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QUAKERS GO DOWN TO
DEFEAT AT HANDS OF
MAROON AND GOLD
Perry Outstanding Figure
in Game; Purvis Star
In the annual Armistice day foot
ball clash at Cone park between
Elon College and Guilford College
the Christians defeated the Quakers
by a score of 20 to 6. Both teams
put up a strong fight, and until the
last quarter it looked like anybody's
game, each team having scored one
Neither team seriously threatened
to score in the first quarter. Both
lines held, forcing the two teams to
resort to punting, and the play sway
ed back and forth in midfield, ntith
er team aproaching close to the goal
line. Lassiters superiority in punt
ing asserted itself, for Guilford grad
ually worked down the field until
the ball was punted out of bounds.
The quarter ended with Elon in pos
session of the ball in her territory.
Aided by two costly fumbles by
Johnson, Elon put over her first
touchdown early in the second quar
ter. After Perry had kicked the ball
to Guilford's fifteen yard line, John
son carried it for a good gain, but
lost the ball on Guilford's twenty
five yard line. Guilford's line put
up a stubborn resistance and forced
Perry to punt. The ball was out
f bounds and went to Guilford on
(Continued on page 4)
Old Girls Defeat New
Girls in Last Game
of Baseball Season
The final game of baseball was
played between the old and new
girls, Wednesday afternoon, Nov. 8,
on the Hobbs athletic field. The hard
fight which was put up on both sides
reflects the good work that has been
going 011 back of New Garden. Al
though the new girls did good work,
they were not able to meet their
more experienced opponents with
equal strength in battle. They were
overpowered with a score of 13 to
Among the old girls who showed
skill, Sarah Hodges probably made
the best record, having made three
runs—the highest number made by
any individual. One of these was a
home run and the other a second base
hit. Marion Ward almost equaled
Hodges in skill, making two runs,
one of which was a third base hit.
lone Lowe deserves much credit also.
In addition to the two runs which
she made, she alone made four "put
outs," two of which were flies caught
in immediate succession.
The two runs of the new girls
were made by Pauline Curtis and
Lalah Cox. Rosa Elliott deserves
mention for having fanned a mem
ber of the old girls' team.
Old Girls—B. Zachary, p; S.
Hodges, lb; I. Lowe, 2b; I. White,
3b; R. Hodges, Is; V. Earlow, rs;
M. Mcßane, If; E. Macon, rf; A.
Johnson, cf; M. Ward, c.
New Girls—P. Curtis, p; K. Coop
er, lb; L. Moore, 2b; G. Moore, 3b;
R. Elliott, Is; G. Highfill. rs; I. Mix
on, If; E. Spencer, rf; E. Brookshire,
cf; L. Cox, c.
STUDENT FRIENDSHIP ORGANI-
ZATION TELLS OF SITUATION
AMONG RUSSIAN STUDENTS
Stirring Appeal Made for
Appeal is renewed in colleges all
'round the world this year for aid
to 30,000 suffering European stud
ents through the Student Frinedship
Famine conditions in Russia, and
the terrible emergency in Smyrna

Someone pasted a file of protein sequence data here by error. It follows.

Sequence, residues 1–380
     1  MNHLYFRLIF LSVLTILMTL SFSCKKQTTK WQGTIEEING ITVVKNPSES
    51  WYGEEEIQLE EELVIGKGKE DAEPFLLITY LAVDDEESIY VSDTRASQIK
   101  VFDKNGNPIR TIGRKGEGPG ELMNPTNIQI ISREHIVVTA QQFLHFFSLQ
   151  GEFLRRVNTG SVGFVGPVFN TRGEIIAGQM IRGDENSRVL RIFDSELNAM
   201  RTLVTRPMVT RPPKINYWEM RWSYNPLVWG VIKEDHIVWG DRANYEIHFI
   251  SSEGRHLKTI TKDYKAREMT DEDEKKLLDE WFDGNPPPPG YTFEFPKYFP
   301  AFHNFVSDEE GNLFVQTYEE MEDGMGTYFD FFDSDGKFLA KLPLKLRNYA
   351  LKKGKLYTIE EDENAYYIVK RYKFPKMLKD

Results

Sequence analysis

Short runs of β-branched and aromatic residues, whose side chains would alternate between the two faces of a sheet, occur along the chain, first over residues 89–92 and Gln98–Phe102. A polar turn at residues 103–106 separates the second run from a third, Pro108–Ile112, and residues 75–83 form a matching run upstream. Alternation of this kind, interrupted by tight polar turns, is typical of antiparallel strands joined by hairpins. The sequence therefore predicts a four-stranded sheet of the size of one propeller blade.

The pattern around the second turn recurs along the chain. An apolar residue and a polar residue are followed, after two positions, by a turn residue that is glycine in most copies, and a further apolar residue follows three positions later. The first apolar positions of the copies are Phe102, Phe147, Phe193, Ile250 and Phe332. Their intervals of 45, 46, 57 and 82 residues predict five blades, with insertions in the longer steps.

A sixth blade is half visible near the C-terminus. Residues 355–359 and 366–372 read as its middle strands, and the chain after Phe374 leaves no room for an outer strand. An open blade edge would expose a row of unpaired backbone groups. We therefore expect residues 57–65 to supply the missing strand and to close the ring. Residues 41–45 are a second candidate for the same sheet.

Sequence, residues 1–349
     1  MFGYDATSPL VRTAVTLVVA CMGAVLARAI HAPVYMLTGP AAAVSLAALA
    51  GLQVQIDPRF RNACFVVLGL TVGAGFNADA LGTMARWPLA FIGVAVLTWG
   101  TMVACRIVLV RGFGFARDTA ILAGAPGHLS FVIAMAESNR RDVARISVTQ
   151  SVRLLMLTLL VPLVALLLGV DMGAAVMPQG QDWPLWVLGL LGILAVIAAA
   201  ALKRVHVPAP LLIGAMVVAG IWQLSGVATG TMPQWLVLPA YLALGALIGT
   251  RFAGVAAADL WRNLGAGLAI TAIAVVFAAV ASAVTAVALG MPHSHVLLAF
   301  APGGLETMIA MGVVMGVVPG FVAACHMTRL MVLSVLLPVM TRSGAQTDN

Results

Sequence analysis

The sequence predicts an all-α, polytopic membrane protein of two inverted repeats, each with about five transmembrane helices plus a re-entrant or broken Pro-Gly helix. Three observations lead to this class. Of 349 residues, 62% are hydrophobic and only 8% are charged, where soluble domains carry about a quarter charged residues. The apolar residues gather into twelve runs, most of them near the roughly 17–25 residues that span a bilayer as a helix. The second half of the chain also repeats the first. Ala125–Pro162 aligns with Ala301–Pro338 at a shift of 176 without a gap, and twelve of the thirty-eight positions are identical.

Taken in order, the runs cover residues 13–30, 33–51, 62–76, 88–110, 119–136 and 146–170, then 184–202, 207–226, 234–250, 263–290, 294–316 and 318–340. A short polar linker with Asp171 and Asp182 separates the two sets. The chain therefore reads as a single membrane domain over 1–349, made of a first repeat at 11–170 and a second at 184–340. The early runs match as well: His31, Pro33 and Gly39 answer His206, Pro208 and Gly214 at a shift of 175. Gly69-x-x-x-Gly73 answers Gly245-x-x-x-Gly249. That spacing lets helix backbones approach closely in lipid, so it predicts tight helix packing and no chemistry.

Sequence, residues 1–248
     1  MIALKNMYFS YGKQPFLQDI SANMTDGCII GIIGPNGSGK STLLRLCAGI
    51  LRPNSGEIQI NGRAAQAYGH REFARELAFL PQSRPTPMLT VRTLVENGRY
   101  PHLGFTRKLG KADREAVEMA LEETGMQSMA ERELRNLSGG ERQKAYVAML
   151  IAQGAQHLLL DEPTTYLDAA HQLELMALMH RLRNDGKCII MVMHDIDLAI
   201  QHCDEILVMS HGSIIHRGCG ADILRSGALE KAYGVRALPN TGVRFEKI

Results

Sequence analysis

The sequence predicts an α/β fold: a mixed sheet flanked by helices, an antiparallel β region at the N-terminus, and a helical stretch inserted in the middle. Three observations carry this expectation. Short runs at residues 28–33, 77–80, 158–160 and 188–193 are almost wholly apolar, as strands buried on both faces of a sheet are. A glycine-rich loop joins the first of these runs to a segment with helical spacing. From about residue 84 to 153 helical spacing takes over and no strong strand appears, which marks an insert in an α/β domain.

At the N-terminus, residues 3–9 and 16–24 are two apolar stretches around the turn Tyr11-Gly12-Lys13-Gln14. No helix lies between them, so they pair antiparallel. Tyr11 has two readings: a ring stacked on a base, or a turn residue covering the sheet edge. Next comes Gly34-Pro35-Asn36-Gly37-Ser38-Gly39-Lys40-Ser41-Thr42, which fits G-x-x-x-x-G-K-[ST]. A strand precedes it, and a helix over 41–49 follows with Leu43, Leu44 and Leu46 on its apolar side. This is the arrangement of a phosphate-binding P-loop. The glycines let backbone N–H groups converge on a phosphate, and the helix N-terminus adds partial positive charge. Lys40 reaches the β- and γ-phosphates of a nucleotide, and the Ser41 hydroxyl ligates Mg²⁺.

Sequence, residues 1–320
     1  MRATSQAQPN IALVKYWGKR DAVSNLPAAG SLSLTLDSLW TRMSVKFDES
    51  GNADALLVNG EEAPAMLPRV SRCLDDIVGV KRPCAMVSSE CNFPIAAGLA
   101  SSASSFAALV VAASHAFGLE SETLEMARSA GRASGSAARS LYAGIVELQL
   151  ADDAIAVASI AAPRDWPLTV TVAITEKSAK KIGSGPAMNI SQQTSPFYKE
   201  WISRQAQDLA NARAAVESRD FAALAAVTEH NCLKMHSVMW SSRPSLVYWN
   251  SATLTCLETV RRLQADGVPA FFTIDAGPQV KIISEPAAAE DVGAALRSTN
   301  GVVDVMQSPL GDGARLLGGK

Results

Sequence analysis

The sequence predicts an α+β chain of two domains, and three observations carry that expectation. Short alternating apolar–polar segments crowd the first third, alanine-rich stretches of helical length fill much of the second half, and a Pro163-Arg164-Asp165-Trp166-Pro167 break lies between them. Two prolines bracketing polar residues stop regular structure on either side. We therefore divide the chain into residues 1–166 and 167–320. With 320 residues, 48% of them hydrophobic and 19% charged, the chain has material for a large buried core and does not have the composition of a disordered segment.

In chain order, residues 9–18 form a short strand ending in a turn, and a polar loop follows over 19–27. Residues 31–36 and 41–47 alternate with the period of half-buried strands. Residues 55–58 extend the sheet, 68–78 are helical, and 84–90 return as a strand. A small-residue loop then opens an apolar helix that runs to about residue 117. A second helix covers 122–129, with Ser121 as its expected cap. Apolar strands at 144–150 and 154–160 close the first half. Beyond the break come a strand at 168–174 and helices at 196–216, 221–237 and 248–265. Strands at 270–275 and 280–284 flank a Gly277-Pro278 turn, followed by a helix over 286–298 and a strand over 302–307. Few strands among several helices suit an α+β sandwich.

and the Near East, make it urgent
that student response exceed the
1921 gift of a half a million dol
lars to students in twelve European
countries. This gift came from stud
ents from forty-nine lands, through
the Fund. The American agencies
sharing in the Fund and the Young
Men's Christian Association and the
Young Women's Christian Associa
tion in colleges. Gifts made this
month will be sent direct to the areas
of need through the Fund headquar
ters in Geneva, Switzerland.
At typical case of student relief
has been found in the following story
of Sonia, a Russian student, told by
a relief worker.
"This is to introduce Sonia Kap
rolova, the student I have spoken to
you about.' So read the card.
"I glanced at once at Sonia's feet
because it was all a matter of shoe
but the two hunks of leather, cozy
with mud, were so unattractive that
I looked away very quickly to her
shy little face. A pretty college
girl, large portifolio under her arm,
rather young to be attending the
Russian Pedagogocal Institute. Pink
cheeked and healthy, I thought hex
capable of walking two miles to
school, but not on a couple of spong
A great doubt came over me when
I fitted the mental image of the foot
inside those sponges into the mental
image of the pair of shoes we had
been saving for Sonia Kapralova.
What twist in the process of evolu
tion has made the American girls
foot long and narrow and the Rus
sian's short and broad. This phys
ical fact which heredity or environ
ment or the shoemaker ought to ex
plain. becomes most inconvenient
when one has a good looking, almost
new pair of narrow shoes to donate
to a pair of poorly-shod broad feet.
"Tijiana was getting the shoes
from the shelf and Sonia was dis
associating one foot from a wet piece
of leather. Moist semi-circles had
crept up her brown stocking from
the sole. The joy in her face at the
sight of the neat, almost,-new shoes
was embarrassing, so much that I
hastened to say, 'I am afraid they
are not going to fit.' It was too
true. Sonia tugged and shoved and
grew much pinker, but the uncom
promising American shoe refused to
give in. Finally she sat down breath
less and murmured something about
wet stockings, but Titiana and I both
warned her that she should not spoil
her feet with narrow shoes. Great
was the disappointment among us.
"Then I thoufht of a room full of
clothing imvly arrived to be distrib
uted among the neediest men stud
ents. We must get these poor feet
covered, and a pair of men's shoes
would be better than none. The
three of us trailed through many pas
|Continued on paee 4)
GUILFORD COLLEGE, N. C., NOVEMBER 13, 1922.
STUDENT Y. M. C. A S OF
STATE ORGANIZE COUNCIL;
MEET AT GREENSBORO
Leaders Urge Colleges to
Push Student Friend
Representatives of the college Y.
M. C. A's of the State met at Greens
boro, Tuesday, Nov. 7, and organ
ized a North Carolina State Student
Field Council, the purpose of which
is to further organize and promote
the work of the Association through
out the State.
The first session, which met at
ten o'clock, was devoted to the or
ganization of the council and the
framing of the constitution and by
laws. The officers for the coming
year are: W. S. Morris (N. C. State),
president; A. F. Raiford (Carolina),
vice-president, and J. D. Sheppard,
(Mount Pleasant), secretary. The
executive committee consists of the
above officers: Dr. C. C. Taylor
from State, and Dr. A. L. Currie
The afternoon session consisted of
a round-table discussion of the strong